Closed, to prevent water loss

20

INSECTS:
Periodically spiracles must open. Why?

To allow gas exchange

21

FISH:
What happens if blood and water flow in parallel?

-Diffusion of oxygen into the blood is less efficient - (only 50%)
-Equilibrium is reached as the conc. gradient cannot be maintained along the whole filament

22

XEROPHYTES:
How can a reduced SA : Vol ratio in leaves be achieved?

eg. Leaves are reduced to pine needles

23

LUNGS:
Starting with nose/mouth, list the structures that air passes through

Trachea - bronchi - bronchioles - alveoli

24

LUNGS:
What prevents the trachea from collapsing?

Rings of cartilage

25

LUNGS:
List the adaptations of the alveoli that make it ideal for gas exchange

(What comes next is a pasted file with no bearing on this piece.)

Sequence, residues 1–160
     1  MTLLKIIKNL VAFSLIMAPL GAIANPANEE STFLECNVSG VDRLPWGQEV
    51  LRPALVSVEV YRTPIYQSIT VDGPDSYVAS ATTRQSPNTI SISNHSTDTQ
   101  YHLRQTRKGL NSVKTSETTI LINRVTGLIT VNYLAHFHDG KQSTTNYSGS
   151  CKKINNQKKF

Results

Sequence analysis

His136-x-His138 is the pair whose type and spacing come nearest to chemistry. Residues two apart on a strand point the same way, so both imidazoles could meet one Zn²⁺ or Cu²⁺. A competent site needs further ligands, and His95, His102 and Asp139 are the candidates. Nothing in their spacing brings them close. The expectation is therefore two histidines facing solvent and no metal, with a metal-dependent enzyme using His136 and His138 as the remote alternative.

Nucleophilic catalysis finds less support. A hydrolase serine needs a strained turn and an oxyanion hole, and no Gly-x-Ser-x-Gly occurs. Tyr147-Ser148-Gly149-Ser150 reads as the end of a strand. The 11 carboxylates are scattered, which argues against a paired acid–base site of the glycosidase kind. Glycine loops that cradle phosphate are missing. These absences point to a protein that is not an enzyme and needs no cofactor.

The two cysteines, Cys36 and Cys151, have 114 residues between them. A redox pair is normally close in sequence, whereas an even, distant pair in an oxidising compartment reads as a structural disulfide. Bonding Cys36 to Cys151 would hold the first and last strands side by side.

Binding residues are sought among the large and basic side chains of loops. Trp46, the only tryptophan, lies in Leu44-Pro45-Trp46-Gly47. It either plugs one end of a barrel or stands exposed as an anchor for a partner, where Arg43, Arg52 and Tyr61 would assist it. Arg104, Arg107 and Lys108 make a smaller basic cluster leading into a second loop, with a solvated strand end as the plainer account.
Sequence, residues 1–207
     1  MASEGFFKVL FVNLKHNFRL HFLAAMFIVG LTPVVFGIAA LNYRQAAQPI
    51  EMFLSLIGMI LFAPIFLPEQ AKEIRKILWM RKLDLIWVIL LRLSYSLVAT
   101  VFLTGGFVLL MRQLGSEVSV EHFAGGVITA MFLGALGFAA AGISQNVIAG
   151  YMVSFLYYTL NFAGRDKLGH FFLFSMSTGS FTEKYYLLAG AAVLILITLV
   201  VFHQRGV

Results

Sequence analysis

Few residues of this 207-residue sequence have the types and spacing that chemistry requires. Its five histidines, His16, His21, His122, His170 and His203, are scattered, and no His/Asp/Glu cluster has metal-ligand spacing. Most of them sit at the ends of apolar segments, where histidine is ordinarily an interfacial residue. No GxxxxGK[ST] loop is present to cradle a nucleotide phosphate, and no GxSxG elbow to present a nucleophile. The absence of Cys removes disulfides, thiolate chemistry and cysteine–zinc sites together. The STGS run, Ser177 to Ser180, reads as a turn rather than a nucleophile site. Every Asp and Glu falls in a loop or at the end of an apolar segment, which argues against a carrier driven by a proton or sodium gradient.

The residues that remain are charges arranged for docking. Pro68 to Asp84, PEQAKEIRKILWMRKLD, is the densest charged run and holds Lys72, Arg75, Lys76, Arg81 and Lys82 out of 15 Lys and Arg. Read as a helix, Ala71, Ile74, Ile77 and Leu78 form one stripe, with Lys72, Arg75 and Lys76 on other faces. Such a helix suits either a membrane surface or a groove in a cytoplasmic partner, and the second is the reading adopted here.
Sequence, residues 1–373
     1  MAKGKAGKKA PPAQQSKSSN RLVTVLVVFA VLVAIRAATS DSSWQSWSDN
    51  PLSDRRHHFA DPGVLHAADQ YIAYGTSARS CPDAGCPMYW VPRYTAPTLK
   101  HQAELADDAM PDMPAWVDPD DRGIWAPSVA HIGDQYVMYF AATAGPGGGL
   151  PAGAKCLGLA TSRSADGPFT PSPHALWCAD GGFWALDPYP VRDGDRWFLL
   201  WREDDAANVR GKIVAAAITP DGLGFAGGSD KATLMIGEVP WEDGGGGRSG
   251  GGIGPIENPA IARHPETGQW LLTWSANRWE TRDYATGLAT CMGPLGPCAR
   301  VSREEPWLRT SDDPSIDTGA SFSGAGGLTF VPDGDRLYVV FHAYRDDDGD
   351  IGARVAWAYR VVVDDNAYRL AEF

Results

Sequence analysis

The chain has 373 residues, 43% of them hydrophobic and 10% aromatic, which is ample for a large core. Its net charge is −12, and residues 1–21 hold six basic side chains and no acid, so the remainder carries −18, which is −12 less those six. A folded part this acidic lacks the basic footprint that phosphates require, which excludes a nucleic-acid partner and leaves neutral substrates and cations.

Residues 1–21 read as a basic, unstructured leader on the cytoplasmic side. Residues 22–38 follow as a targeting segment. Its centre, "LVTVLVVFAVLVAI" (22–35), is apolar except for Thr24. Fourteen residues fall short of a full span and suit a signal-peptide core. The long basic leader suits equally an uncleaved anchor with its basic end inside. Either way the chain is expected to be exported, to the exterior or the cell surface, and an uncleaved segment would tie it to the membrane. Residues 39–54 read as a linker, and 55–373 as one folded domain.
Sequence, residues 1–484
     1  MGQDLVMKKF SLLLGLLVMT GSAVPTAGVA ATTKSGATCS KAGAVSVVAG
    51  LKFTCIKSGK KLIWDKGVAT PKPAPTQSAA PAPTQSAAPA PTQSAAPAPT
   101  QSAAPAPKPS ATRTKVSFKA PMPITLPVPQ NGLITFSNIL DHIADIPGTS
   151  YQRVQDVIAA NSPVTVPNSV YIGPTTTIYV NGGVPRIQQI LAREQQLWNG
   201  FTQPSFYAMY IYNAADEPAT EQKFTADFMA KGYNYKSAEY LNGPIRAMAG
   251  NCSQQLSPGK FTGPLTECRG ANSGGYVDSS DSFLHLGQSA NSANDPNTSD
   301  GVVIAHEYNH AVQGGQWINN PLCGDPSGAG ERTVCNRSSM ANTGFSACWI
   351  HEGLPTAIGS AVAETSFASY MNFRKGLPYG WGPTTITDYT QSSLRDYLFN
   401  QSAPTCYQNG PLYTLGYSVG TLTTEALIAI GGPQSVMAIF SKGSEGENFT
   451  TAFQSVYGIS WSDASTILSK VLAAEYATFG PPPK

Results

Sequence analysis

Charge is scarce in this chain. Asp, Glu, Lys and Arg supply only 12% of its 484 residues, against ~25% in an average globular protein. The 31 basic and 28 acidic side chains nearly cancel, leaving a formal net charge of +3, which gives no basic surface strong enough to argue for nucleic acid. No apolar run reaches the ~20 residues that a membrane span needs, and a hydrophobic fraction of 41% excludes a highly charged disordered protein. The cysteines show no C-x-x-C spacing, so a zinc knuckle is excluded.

Single layer of epithelium cells
Stretch as breathe in
Spring back as breathe out
Huge SA
Moist
Rich blood supply

26

LUNGS:
What happens to the intercostals as we breathe in

External contract
Internal relax

27

LUNGS:
What happens to the rib cage and the diaphragm before we inhale

Ribs - move up and out
Diaphragm - contracts and moves down

28

LUNGS:
What happens to the volume and pressure of the thorax before we inhale air

Volume increases
Pressure decreases

29

LUNGS:
What is the 'tidal volume'?

The volume of air we breath in and out at rest (typically about 0.5dm3)

30

LUNGS:
List the events of
a) Intercostal Muscles
b) ribs
c) Diaphragm
before we inhale

a) Internal contract, external relax
b) Ribs move down and in
c) Diaphragm relaxes, domes up

31

LUNGS:
Typically, what is the normal ventilation rate?

12-20 breaths per min

32

Describe the gross structure of the human gas exchange system

Trachea - Bronchi - Bronchioles - alveoli

33

Describe how we breathe IN

Diaphragm contracts
External intercostal muscles contract
Volume increases and pressure decreases in thorax
Air moves into lungs

34

Describe how we breathe OUT

Diaphragm relaxes
Internal intercostal muscles contract
Volume decreases and pressure increases in thorax
Air moves out of the lungs